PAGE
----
Teaching Mental Toughness – 7 Steps

-by Hall of Fame High School Coach Daryl Weber

In Part 1 of this series “Lies to Ungifted Athletes,” we dispel several myths we are led to believe about youth training… If you missed it take a look at it here.

What’s your favorite sports movie? Any Given Sunday? Rudy? I like Rocky. You remember the part where Rocky has to dig deep, against the odds, and sacrifices everything to win… Priceless.

I watched Rocky recently and it struck me that sports movies aren’t really about sports. Yes, they are framed inside a story about boxing or football, but they aren’t really why we watch. Truth is, those movies are about building one thing: Mental Toughness.Youth Athlete Training

Think about it. Rudy is about a guy who worked his way from a steel mill and onto the field at Notre Dame. That requires a dramatic amount of mental toughness. Rocky Balboa is a small-time boxer chosen to fight the champ when his opponent is injured. Rocky has to overcome some serious mental and physical obstacles just to get in the ring.

Sports movies are courageous adventures that inspire us to train harder, to live better. But what if you could train your athletes to be the hero of their own stories? Mental toughness is coachable. Whenever a new athlete entered my program, they didn’t know it but we were instantly working on building their mental toughness.  No matter if they were already tough as nails or soft as a cream puff…

They were in a system that was going to take them to new heights of confidence and mental strength…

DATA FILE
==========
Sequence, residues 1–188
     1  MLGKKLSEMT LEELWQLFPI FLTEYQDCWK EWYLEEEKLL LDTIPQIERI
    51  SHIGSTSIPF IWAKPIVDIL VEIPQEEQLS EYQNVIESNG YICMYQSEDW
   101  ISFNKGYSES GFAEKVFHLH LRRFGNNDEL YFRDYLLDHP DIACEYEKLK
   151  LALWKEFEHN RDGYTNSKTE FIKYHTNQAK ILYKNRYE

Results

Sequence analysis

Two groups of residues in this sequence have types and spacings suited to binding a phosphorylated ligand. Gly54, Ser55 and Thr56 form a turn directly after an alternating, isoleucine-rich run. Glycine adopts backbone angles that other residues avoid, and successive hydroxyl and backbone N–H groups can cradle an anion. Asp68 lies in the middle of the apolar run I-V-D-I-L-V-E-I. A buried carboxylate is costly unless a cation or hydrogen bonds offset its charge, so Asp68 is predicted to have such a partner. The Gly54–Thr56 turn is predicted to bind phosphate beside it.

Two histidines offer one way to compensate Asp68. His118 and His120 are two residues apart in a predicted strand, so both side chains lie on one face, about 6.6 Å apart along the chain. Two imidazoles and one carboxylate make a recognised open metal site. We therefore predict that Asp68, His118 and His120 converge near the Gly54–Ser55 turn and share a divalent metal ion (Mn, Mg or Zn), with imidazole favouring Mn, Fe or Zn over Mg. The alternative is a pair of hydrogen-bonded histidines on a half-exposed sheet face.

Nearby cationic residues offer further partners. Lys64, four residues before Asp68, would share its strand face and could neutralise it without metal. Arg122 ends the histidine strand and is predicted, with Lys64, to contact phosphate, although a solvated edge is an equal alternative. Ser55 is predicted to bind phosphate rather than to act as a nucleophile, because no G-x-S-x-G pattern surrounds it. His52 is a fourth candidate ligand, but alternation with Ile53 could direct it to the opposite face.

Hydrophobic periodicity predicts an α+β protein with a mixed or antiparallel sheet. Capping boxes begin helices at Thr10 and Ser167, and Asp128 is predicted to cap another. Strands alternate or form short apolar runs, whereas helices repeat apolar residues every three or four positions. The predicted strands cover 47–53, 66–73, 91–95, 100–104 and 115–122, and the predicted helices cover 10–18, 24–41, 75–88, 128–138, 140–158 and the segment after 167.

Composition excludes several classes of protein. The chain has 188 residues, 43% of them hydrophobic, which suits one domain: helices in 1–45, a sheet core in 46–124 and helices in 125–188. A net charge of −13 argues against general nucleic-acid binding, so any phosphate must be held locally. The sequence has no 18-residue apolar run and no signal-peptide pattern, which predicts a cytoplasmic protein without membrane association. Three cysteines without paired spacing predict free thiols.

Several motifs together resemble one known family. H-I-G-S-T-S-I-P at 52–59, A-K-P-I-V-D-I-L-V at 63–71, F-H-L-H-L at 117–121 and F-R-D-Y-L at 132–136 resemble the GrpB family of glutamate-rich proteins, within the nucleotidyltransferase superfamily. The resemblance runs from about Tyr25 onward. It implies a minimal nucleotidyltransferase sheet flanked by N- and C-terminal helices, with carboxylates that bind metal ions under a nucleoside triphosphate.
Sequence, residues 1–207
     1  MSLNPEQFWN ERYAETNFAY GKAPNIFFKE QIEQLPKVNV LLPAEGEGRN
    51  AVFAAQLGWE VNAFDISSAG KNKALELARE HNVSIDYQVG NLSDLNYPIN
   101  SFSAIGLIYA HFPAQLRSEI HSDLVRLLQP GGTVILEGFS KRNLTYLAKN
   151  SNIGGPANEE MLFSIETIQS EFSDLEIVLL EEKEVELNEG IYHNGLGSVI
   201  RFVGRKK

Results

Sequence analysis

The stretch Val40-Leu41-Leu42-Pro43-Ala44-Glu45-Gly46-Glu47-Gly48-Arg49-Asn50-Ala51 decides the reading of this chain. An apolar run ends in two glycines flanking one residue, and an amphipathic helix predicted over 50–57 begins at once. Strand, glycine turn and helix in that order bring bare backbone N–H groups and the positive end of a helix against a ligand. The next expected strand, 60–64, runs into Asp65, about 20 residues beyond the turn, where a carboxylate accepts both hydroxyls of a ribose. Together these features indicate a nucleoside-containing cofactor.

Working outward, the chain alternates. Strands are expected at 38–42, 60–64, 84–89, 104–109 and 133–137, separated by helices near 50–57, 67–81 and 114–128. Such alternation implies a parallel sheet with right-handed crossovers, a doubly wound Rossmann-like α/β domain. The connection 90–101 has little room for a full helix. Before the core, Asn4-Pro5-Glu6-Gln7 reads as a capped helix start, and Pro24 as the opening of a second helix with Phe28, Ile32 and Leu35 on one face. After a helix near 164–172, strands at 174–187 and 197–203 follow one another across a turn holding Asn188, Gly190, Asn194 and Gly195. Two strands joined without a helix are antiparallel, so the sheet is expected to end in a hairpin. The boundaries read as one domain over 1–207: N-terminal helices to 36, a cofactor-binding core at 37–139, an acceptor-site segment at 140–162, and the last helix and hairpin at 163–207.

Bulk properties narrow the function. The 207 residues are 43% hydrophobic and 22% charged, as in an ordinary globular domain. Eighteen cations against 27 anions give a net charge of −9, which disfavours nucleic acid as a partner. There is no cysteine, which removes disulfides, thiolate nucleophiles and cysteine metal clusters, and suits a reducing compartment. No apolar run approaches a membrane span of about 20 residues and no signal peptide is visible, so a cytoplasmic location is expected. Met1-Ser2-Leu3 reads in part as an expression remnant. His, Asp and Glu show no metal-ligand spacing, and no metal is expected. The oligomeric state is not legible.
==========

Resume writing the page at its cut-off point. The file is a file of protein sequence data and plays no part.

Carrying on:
Here is a list of my seven keys to mental toughness:

  1. Creating Interest and Keeping It – I use a simple metaphor to build interest. I tell athletes to see sports participation like putting pennies in a piggy bank. Every time they show up to practice, that investment pays off with wins in the future. After students see their time as valuable, it is harder for them for them to quit or to give less than 100%. Your team will feel like they have invested so much, they will go the extra mile when the time comes to dig deep.
  2. Model/Encourage Consistency – Show your team what it means to have a confident attitude by continuing to do what you say you are going to do. Your students will see you as a consistent force in their life. They will want to honor that commitment by upholding their end of the bargain. Your team will have the tools to avoid the pitfalls of modern life, as they model your ‘show up’ consistency. Your team will see you as a beacon to follow, a consistent hero.   
  3. Proper Goal Setting – Develop the Why – Setting goals with your team allows you to define where you want them to go as a unit and as individuals. Without a clear destination, nobody gets where they want to go. Setting goals allows teams to judge progress and arrive at a specific destination.  Learning goal setting is one of the strongest benefits of any sports program. Athletes get tools that carry them far beyond wrestling. What it would be like to congratulate your team for reaching their goal of a championship season?